It has stunningly creative visuals put tothe music of Mogwai.

  12. hhEb09'1

    Hmmm, it appears that the path of Juno parallels the earth orbit for a while ( http://www.nasa.gov/images/content/582402main_MissionStatus_082411.jpg ), and Aug. 27 was close to a new moon, so that pic should show minimal foreshortening. They just look too close together, to me… :)

  13. Charlie

    #3 and #4, it looks to me like the if the moon is actually further away than the Earth in this picture. The full distance is viewed at an angle, making the moon seem closer than it would have otherwise been.

  14. Lascas

    U cant tell the distance from that picture…. so if the moon was closer to Juno and in the picture it would seem right on top of earth, would you say “oooh look, how cute it is the moon is so close to earth…”

    Unless someone can confirm the moon and earth were at same distance from the probe at the time the shot was taken, that picture means nothing. At best, gives you an idea..

    Other than that, great pic, keep up the updates Phil, i’m a great fan.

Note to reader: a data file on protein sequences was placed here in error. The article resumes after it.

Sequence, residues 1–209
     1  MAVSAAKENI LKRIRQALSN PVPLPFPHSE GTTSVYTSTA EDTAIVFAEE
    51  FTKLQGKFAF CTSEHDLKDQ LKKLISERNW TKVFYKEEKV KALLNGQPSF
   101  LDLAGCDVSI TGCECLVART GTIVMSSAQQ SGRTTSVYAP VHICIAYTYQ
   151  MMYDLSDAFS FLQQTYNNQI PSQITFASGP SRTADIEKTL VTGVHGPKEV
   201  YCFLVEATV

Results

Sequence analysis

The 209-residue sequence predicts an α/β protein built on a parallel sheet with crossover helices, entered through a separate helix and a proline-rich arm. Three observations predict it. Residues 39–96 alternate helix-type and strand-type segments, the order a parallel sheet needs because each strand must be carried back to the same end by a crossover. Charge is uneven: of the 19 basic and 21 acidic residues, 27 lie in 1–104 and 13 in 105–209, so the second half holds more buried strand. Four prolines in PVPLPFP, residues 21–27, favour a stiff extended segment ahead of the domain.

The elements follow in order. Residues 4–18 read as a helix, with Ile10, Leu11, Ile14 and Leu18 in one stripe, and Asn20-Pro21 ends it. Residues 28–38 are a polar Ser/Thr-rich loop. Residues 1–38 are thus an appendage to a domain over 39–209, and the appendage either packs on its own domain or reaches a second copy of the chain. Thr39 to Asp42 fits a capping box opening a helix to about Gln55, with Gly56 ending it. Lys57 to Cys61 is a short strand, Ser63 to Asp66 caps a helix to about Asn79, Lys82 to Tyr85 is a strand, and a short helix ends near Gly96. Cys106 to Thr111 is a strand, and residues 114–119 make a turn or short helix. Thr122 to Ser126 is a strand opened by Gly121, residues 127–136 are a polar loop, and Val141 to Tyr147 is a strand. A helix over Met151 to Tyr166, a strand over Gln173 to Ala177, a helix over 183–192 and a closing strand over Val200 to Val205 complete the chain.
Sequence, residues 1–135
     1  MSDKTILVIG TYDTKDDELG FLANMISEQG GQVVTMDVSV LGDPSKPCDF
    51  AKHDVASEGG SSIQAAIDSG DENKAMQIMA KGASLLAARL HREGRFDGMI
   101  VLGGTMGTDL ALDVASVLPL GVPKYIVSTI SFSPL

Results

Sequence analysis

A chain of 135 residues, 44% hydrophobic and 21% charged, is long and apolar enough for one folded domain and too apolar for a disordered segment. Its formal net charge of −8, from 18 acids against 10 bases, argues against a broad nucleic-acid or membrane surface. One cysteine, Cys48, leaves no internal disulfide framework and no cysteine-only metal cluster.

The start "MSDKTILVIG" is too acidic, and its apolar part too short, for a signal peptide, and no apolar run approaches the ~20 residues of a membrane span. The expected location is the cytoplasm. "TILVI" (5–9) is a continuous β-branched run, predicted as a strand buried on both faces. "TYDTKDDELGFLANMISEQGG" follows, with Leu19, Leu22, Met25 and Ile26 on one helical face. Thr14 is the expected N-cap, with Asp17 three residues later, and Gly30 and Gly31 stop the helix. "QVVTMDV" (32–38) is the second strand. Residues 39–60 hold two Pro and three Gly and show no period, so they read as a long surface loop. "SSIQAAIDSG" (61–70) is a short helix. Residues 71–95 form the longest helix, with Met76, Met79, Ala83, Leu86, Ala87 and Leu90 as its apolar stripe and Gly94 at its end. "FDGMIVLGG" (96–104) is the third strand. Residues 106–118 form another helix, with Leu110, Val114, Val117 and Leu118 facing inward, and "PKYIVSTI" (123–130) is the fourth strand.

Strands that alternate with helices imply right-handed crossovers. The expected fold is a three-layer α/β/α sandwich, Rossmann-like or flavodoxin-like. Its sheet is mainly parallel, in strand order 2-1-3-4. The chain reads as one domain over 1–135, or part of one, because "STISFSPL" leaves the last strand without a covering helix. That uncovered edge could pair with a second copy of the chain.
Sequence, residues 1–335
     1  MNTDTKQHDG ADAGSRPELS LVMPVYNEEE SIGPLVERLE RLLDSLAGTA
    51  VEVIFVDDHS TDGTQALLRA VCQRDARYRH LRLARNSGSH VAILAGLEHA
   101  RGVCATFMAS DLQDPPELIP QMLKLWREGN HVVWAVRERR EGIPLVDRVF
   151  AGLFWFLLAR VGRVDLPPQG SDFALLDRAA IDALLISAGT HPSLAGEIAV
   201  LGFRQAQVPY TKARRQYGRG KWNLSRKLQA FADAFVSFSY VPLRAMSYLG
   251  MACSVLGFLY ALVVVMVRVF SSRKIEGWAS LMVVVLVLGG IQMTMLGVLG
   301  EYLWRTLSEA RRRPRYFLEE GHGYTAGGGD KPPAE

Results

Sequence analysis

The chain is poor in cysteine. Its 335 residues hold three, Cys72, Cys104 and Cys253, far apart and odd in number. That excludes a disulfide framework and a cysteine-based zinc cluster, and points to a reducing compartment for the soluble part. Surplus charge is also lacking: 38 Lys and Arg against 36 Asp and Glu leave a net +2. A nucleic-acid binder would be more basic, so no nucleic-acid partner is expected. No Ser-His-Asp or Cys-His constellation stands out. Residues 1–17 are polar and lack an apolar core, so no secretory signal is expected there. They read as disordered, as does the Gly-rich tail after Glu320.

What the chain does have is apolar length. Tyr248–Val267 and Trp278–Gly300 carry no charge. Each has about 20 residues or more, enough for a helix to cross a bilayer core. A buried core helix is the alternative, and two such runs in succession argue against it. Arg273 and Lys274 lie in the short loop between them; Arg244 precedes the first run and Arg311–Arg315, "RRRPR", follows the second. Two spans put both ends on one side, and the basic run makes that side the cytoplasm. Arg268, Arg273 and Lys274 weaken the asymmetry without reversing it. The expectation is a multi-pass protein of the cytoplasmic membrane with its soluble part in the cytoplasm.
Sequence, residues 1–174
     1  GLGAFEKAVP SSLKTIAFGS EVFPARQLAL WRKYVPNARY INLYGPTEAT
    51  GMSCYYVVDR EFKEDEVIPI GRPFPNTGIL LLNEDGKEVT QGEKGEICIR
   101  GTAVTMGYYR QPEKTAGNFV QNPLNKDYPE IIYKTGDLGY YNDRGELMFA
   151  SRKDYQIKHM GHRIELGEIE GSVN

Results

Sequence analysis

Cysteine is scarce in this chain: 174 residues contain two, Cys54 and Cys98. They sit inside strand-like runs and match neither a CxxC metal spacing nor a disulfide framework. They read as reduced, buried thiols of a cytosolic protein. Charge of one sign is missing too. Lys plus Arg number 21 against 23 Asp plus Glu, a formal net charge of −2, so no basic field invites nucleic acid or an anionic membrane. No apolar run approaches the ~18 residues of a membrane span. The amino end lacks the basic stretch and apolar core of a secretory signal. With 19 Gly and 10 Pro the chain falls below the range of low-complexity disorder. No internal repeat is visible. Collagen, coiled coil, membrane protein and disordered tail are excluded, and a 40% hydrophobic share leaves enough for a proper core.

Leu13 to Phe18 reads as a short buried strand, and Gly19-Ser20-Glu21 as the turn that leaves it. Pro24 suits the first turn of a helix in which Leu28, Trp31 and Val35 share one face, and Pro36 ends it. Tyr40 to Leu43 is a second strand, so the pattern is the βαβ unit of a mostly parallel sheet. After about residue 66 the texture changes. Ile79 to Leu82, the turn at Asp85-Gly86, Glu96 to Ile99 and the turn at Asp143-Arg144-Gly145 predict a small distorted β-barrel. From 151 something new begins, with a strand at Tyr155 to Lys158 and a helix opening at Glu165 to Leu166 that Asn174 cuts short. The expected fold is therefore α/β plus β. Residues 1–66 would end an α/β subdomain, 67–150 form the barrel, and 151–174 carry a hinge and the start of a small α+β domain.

15. Sharku

    @hhEb09’1 except if this shot was taken when the Moon is about 30° off the Earth – Juno line in it’s orbit, then the apparent distance (da) between the Moon and Earth would be about half of the real Earth – Moon distance (dr): da ≈ dr * cos (60°).

  16. Sam

    reminds me of carl sagans speech of earth floating in a sunbeam taken from voyager.

  17. Chris

    I think it’s the intensity which is causing the optical illusion of being farther away. Earth-moon distance is around 375000 km, compared to the 10 million km where this pic was taken. So Less than a 4% difference, and based on the geometry, probably less than 1%. Even with the inverse square law it’s not too much difference in intensity. The Earth is much bigger (and has clouds) than the moon making it look much brighter.

  18. Erulóra

    They probably look so close together because the angle of the picture is not perpendicular. The Moon may be a bit closer or farther away than the Earth in that picture.

  19. Mark

    It’s almost poetic irony that this view is pretty much what Galileo saw when he first looked at Jupiter.

  20. J Hinkle (12): Try clicking the link at the end of the post. :)

  21. Chris

    It makes me wonder every time we take an picture of the stars in the sky, how many civilizations are living out lives like ours, how many have a completely different existence, how many are looking at the sky for the first time wondering if anyone is looking back, and how many are millions of years more advanced than us.

  22. Nigel Depledge
  23. QuietDesperation

    This might be a bit of a silly question, but why does the Earth not have more of a circular appearance in the photo?